Fruits are perhaps best known for their antioxidant qualities, which only add to their nutritional value. Even the most common fruits, like apples and lemons, pack a punch when it comes to keeping humans healthy. For a list of fruits with high antioxidant values, take a look at the blog, “Top 10 Healthiest Fruit List with Fruit Benefits.”

Go nuts

It’s hard to believe something as simple as a handful of nuts every day can make a big difference in long-term senior health, but it’s true! According to the blog, “Health Benefits of Nuts,” nuts contain unsaturated fats that help fill you up, can replace meat or dairy products, can aide in keeping diabetes and heart disease under control, can lower bad cholesterol associated with stroke, and are chock full of vitamins and other nutrients.

Eating nuts in moderation — the American Heart Association recommends 1.5 ounces of raw or dry roasted nuts four times a week — can be great for heart health and provide extra fiber. All nuts have something good to offer but some are higher in calories than others and all should be eaten without extra chocolate, salt or sugar. For a list of different nuts and their caloric and fat content, the blog, “Nuts and your heart: Eating nuts for heart health,” can help you choose the best nuts for your diet.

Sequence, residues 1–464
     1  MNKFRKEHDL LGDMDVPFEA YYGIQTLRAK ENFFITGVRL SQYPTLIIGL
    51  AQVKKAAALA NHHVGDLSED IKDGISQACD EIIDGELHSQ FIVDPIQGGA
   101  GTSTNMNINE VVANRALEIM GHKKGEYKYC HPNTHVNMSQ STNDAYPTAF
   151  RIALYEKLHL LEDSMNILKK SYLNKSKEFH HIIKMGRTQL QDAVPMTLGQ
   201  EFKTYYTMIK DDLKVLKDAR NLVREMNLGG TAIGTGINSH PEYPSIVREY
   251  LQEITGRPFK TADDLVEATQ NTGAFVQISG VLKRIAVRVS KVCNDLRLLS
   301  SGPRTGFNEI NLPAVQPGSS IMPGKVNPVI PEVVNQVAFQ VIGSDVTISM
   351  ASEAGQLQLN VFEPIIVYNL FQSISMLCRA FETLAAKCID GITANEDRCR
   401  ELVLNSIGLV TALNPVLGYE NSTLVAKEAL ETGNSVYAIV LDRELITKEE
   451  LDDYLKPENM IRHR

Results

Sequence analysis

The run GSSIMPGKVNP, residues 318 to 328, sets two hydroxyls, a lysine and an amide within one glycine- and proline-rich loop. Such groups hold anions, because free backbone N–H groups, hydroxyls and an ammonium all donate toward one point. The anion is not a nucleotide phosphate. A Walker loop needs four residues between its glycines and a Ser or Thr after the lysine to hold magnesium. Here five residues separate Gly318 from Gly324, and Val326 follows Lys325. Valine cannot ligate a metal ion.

Beans are better for seniors for longevity

Beans are the great equalizer when it comes to eating less animal and more plant foods because they are high in protein without all the saturated fat found in meat. Beans (aka legumes) can also help manage cholesterol and blood sugar, have tons of fiber and provide B vitamins and minerals.

Beans include peanuts and peas and come in several varieties that are perfect for a range of recipes as a meat replacement, or just because they are so good for you. In Blue Zones, locally grown beans are a staple part of the daily diet and for the rest of us, beans are available, healthful and inexpensive. Learn more about how to make beans a tasty addition to a longevity diet in the article, “Turn 1 Can of Beans into 27 Easy, Creative Meals.”

What about meat?

When it comes to eating meat, including poultry and fish, less is more. In Blue Zones, meat is the exception rather than the rule and is often absent altogether at the dinner table. At, it is noted that the emphasis is on plant-based foods occasionally supplemented with meat or fish raised locally and enjoyed as part of a celebration or special occasion. Like their fruits, vegetables, beans, and nuts, Blue Zone residents eat meat that is raised without chemicals, hormones, or pesticides, so even though they do eat meat, it’s often much “cleaner” and more nutritious, even in small quantities.

In general, the Blue Zone diet recommends two ounces of meat just twice a week, with a preference for organic or free-range. For more about meat and healthy meat substitutes, the article, “Blue Zones Diet: Food Secrets of the World’s Longest-Lived People,” can help.

At Ganton’s Countryside, nutrition is an essential ingredient in our daily menus and we also consider special dietary needs. For more information about Countryside, please call Margaret Nagel at (517) 206-5000 or download our brochure to learn about our care levels, cost, and amenities.